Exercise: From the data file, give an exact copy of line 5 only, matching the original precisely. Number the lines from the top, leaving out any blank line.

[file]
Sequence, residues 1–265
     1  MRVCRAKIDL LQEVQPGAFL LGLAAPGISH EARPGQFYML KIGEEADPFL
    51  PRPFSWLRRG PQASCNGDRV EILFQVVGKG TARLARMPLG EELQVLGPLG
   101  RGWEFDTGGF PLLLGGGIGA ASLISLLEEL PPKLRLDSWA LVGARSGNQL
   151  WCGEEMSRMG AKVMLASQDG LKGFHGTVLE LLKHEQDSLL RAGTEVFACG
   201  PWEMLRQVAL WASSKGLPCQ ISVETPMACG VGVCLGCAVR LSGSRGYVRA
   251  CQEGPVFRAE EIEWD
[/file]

   151  WCGEEMSRMG AKVMLASQDG LKGFHGTVLE LLKHEQDSLL RAGTEVFACG